Since Python lacks an "include" statement, and the self parameter is explicit, and scoping rules are quite simple, it's usually very easy to point a finger at a variable and tell where that object comes from -- without reading other modules and without any kind of IDE (which are limited in the way of introspection anyway, by the fact the language is very dynamic).

The import * breaks all that.

Also, it has a concrete possibility of hiding bugs.

import os, sys, foo, sqlalchemy, mystuff
from bar import *

Now, if the bar module has any of the "os", "mystuff", etc... attributes, they will override the explicitly imported ones, and possibly point to very different things. Defining __all__ in bar is often wise -- this states what will implicitly be imported - but still it's hard to trace where objects come from, without reading and parsing the bar module and following its imports. A network of import * is the first thing I fix when I take ownership of a project.

Don't misunderstand me: if the import * were missing, I would cry to have it. But it has to be used carefully. A good use case is to provide a facade interface over another module. Likewise, the use of conditional import statements, or imports inside function/class namespaces, requires a bit of discipline.

I think in medium-to-big projects, or small ones with several contributors, a minimum of hygiene is needed in terms of statical analysis -- running at least pyflakes or even better a properly configured pylint -- to catch several kind of bugs before they happen.

Of course since this is python -- feel free to break rules, and to explore -- but be wary of projects that could grow tenfold, if the source code is missing discipline it will be a problem.

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3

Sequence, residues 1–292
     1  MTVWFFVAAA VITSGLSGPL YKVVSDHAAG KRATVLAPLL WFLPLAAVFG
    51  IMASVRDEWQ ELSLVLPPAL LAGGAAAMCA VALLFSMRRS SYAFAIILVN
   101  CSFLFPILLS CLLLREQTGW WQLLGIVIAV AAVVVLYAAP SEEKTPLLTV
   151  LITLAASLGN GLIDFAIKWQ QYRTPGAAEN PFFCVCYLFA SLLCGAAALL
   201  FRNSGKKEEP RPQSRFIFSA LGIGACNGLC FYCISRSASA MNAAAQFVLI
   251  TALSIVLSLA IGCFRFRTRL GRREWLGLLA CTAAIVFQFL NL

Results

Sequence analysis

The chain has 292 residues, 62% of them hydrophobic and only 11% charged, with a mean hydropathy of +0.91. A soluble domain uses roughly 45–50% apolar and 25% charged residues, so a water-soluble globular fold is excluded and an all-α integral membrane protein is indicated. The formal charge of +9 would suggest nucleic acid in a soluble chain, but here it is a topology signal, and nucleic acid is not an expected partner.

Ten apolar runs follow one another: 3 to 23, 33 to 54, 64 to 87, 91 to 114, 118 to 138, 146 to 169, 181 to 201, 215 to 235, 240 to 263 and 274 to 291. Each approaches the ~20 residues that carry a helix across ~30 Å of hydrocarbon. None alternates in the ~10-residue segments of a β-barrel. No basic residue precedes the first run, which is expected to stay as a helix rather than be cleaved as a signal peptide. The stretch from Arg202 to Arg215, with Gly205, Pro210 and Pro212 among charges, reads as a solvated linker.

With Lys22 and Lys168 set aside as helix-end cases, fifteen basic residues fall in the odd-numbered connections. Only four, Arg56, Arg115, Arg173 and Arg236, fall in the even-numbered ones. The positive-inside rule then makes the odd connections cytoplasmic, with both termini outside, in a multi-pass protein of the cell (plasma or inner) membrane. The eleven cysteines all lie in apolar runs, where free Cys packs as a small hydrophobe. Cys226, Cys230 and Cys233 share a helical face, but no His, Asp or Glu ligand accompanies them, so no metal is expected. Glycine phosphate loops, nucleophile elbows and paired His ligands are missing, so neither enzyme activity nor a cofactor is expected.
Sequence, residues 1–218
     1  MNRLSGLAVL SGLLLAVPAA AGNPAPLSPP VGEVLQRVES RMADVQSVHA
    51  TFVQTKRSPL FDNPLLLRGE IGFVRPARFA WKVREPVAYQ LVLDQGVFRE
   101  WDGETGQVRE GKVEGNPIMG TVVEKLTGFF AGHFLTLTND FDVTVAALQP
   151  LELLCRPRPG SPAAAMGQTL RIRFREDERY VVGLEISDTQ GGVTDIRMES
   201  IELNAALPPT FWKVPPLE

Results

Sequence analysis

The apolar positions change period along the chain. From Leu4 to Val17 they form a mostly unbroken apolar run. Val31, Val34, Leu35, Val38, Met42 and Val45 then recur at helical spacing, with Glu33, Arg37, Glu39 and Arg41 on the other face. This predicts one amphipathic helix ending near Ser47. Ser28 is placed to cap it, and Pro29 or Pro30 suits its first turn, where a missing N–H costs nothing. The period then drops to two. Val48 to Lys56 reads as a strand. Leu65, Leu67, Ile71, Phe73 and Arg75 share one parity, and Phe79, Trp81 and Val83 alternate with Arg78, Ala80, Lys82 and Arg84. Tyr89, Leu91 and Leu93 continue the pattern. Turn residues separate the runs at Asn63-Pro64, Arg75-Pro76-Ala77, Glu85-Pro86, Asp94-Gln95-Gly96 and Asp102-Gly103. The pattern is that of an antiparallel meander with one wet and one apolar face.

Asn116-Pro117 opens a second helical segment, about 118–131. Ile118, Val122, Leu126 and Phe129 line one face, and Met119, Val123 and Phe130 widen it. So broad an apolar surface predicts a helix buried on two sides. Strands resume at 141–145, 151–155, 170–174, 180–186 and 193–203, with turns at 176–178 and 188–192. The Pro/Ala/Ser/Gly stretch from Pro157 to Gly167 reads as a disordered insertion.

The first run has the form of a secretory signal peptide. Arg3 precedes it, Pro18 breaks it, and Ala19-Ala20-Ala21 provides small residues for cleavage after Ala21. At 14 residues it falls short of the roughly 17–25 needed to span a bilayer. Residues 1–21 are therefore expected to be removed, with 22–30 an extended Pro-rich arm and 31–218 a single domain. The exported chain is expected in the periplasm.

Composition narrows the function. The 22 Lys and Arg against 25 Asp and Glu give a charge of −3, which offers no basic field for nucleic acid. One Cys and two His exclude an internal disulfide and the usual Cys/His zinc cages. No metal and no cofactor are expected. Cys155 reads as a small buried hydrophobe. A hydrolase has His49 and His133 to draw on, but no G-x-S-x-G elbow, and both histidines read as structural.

I like your attitude. –  Joshua Jul 21 '10 at 2:18
    
Python 2.x does have an "include" statement. It's called execfile(). Luckily, it's rarely used and gone in 3.x. –  Sven Marnach Jul 20 '12 at 15:18
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http://docs.python.org/tutorial/modules.html

Note that in general the practice of importing * from a module or package is frowned upon, since it often causes poorly readable code.

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That is because you are polluting the namespace. You will import all the functions and classes in your own namespace, which may clash with the functions you define yourself.

Furthermore, I think using a qualified name is more clear for the maintenance task; you see on the code line itself where a function comes from, so you can check out the docs much more easily.

In module foo:

def myFunc():
    print 1

In your code:

from foo import *

def doThis():
    myFunc() # Which myFunc is called?

def myFunc():
    print 2
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+1 for mentioning namespace pollution –  Daren Thomas Mar 5 '10 at 12:53
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say you have the following code in a module called foo:

import ElementTree as etree

and then in your own module you have:

from lxml import etree
from foo import *

You now have a difficult-to-debug module that looks like it has lxml's etree in it, but really has ElementTree instead.

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It is OK to do from ... import * in an interactive session.